- Subtract the salvage value from the asset’s cost: After determining the asset’s cost and its salvage value, subtract the salvage value of the asset from the cost. For example, if the cost of equipment is $90 and its salvage value is $13, subtract $13 from $90. This will leave you with $77.
- Determine the depreciation amount: When you have subtracted the salvage value from the asset’s cost, divide the result by the useful life span of the asset to arrive at the depreciation amount. For instance, if the useful life span of the equipment we mentioned earlier is 5 years, then we will divide $77 by 5. This will give us $15.4 which is the amount of depreciation that will be recorded annually when making an adjusting entry for depreciation. If the adjusting entry for depreciation will be made monthly, then the result has to be further divided by 12 to account for the 12 months in a year.
- Make the adjusting entry for depreciation: After determining the depreciation amount, the adjusting entry for depreciation can then be made using the double-entry bookkeeping method. This involves a debit to depreciation expense and a credit to accumulated depreciation.
Do you make adjusting entries for depreciation?
Yes, adjusting entries for depreciation is usually made at the end of each accounting cycle which could be either monthly or yearly. Companies make the adjusting entry for depreciation to account for the gradual reduction in the value of the assets they own over time.
Read about: Why are adjusting entries necessary?
How do you record adjusting entry for depreciation?
In order to record the adjusting entry for depreciation, companies make journal entries that involve the depreciation expense account and the accumulated depreciation account. These accounts are debited and credited respectively to account for the gradual decrease in value for the particular asset for which the adjusting entry for depreciation is made for. This adjusting entry will be as shown in the table below:
This adjusting entry for depreciation is made at the end of each accounting period and records the amount that is depreciated for the asset within that period in the depreciation expense account. Previous depreciation expense is added to the accumulated depreciation account such that the depreciation expense account becomes empty at the beginning of every accounting period. The debit to depreciation expense and the credit to accumulated depreciation indicate an increase in both accounts.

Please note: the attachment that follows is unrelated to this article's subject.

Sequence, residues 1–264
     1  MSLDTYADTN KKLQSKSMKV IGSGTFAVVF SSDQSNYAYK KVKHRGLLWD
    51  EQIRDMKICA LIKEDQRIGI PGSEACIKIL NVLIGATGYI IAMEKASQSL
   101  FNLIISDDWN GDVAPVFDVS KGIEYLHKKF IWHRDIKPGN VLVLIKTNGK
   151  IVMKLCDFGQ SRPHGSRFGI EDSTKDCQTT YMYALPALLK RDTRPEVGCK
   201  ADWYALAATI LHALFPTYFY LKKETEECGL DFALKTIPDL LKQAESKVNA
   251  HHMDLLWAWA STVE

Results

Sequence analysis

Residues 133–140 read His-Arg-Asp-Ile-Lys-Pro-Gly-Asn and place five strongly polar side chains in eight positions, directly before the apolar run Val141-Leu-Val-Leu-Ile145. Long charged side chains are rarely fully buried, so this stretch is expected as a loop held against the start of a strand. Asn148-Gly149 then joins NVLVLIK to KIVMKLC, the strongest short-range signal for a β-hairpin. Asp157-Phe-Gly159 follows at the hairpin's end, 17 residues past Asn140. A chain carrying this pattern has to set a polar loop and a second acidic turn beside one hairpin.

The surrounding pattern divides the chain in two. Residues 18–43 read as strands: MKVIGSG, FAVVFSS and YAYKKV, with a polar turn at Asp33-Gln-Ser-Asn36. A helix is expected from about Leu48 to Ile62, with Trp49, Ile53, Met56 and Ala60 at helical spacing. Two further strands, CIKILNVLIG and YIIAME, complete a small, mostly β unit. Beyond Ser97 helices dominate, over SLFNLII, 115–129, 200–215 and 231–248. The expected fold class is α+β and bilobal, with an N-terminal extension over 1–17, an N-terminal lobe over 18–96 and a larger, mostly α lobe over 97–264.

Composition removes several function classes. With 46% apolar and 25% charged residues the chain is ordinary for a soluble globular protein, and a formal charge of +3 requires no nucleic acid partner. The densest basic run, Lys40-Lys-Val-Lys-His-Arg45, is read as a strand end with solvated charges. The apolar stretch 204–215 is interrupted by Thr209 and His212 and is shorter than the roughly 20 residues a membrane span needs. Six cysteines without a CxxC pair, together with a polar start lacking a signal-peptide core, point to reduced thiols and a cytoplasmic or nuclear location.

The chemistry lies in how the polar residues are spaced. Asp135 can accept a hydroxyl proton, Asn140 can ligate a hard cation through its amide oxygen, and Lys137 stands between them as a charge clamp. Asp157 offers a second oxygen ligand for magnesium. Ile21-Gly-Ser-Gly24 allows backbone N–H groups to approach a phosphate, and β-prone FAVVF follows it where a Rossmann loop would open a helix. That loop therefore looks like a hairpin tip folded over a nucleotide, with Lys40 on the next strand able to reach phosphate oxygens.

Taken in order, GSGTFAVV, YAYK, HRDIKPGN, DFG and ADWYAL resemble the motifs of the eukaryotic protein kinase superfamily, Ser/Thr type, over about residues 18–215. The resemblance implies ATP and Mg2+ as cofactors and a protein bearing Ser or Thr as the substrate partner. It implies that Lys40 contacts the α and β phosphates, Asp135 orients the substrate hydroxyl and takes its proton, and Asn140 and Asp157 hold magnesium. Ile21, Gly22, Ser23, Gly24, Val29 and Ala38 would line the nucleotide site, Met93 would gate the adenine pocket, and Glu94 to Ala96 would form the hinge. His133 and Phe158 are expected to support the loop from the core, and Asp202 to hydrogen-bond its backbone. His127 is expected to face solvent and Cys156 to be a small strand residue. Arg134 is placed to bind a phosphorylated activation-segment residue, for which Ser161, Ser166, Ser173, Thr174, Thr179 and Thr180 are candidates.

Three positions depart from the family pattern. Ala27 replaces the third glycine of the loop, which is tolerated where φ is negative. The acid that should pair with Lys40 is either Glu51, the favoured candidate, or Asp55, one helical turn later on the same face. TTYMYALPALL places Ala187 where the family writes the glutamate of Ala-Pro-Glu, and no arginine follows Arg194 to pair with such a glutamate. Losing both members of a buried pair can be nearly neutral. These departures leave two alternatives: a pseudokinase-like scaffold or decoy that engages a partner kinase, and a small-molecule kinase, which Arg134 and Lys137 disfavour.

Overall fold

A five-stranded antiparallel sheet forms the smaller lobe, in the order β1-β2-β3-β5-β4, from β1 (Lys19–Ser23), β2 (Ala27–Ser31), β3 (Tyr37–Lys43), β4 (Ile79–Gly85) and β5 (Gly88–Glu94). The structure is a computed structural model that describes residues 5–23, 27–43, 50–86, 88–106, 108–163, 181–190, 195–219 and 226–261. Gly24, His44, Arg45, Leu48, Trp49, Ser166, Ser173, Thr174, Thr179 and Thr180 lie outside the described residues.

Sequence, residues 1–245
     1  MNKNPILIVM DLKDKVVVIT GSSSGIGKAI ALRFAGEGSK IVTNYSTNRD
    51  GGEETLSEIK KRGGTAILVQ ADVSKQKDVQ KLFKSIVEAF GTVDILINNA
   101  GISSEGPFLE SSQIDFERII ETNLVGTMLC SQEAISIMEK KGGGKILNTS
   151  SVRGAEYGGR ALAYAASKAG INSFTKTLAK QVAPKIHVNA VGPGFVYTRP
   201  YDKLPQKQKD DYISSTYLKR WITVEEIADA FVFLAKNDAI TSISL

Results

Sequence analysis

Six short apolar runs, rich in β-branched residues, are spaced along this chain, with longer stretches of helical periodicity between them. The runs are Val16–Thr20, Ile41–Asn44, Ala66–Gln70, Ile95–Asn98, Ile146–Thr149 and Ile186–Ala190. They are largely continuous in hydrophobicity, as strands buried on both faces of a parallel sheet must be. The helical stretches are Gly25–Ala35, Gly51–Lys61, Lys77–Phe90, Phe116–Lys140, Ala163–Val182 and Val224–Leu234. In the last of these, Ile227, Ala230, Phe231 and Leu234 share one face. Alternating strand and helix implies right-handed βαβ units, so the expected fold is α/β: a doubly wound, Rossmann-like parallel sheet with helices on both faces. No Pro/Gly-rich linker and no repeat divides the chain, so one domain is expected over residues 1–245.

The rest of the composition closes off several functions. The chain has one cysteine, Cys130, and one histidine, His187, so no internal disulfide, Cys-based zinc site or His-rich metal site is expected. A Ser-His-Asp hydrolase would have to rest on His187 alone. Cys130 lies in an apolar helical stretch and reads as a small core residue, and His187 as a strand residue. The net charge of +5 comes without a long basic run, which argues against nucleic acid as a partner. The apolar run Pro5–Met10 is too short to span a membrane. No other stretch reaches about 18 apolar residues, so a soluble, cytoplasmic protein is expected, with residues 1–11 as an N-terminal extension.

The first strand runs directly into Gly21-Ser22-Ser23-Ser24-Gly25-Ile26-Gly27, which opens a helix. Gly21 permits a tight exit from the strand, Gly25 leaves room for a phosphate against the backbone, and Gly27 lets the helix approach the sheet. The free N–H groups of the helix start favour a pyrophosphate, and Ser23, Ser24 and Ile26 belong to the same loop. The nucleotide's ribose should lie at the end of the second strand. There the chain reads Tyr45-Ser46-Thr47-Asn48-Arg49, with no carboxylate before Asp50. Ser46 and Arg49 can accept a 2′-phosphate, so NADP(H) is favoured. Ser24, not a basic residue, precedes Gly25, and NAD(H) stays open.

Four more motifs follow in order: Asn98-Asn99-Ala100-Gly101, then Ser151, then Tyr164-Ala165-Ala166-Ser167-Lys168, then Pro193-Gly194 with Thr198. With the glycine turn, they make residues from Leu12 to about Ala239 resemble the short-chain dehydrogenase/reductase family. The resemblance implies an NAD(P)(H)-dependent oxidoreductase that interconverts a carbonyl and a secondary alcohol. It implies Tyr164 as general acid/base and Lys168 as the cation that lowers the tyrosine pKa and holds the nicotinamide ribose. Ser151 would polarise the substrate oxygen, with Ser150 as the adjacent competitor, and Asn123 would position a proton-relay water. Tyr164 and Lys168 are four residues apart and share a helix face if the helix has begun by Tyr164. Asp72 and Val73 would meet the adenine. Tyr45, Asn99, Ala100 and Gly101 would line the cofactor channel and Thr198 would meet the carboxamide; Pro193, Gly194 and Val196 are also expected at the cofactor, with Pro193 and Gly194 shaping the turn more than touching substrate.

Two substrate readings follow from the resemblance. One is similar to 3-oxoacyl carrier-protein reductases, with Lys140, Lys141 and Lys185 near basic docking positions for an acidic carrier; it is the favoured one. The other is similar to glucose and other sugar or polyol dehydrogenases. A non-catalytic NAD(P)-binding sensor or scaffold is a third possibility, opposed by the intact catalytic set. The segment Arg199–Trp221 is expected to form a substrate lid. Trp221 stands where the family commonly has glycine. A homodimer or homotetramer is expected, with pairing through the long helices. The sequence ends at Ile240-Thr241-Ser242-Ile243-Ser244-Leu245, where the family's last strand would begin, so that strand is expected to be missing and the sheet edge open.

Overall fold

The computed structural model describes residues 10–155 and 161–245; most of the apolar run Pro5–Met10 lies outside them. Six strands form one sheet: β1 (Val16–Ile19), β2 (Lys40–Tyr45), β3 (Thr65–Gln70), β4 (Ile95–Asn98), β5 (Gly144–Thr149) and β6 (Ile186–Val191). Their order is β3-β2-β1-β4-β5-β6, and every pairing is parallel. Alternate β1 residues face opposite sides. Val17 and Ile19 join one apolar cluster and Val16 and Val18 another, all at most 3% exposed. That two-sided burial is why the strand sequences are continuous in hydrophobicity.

Examples of adjusting entries for depreciation
Suppose a logistics company bought a delivery van worth $60,000in January 2023. If the van’s salvage value is $10,000 and its useful life is 5 years. We can calculate the amount that will be recorded as its annual depreciation using the depreciation formula;
Depreciation = Cost of an asset – Salvage value ÷ Asset’s useful life span
Depreciation = ($60,000 – $10,000) ÷ 5
Depreciation = 50,000 ÷ 5
Now that we have determined the yearly depreciable amount, The company can make the adjusting entry for depreciation the following year as shown below:
Suppose a laundry mart bought a new washing machine that costs $8,000 and it has a useful life span of 3 years. If the machine was bought in March 2023 and its salvage value is $1,000, we can determine its yearly depreciation using
Depreciation = Cost of an asset – Salvage value ÷ Asset’s useful life span
Depreciation = ($8,000 – $1,000) ÷ 3
Depreciation = $7,000 ÷ 3
Depreciation = $2,333.33
Thus, the yearly journal adjusting entry for the depreciation of the washing machine will be as shown in the table below:
If the laundry mart wants to make monthly adjusting entries for depreciation, they will have to divide the yearly depreciation by 12 to arrive at the monthly depreciation amount.
Hence, monthly depreciation = $2,333.33 ÷ 12
Monthly depreciation = $194.44
In this instance, the adjusting entry for depreciation will be made monthly and the first entry will be as follows:
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The adjusting entry for depreciation is made at the end of each accounting season to record the amount of depreciation of the fixed assets of companies. It involves a debit to depreciation expense and a credit to accumulated depreciation. This adjusting entry impacts the company’s financial statements and equally affects the taxes paid by the company annually. In the United States, the Internal Revenue Service (IRS) has specified guidelines concerning the depreciation of various fixed assets as well as the methods of depreciation to use.
The method currently in use is the Modified Accelerated Cost Recovery System (MACRS) which uses either the straight-line depreciation method that we used in the examples above or the double-decline method whereby the rate of depreciation varies with the first year normally being higher than subsequent years. The double-decline depreciation method is often used for assets that have a rapid rate of depreciation, especially in their first year of use. Irrespective of the depreciation method a company uses, it is important to make timely adjusting entries for depreciation to ensure that the financial records are correct and up-to-date.Last Updated on November 3, 2023 by Nansel Nanzip Bongdap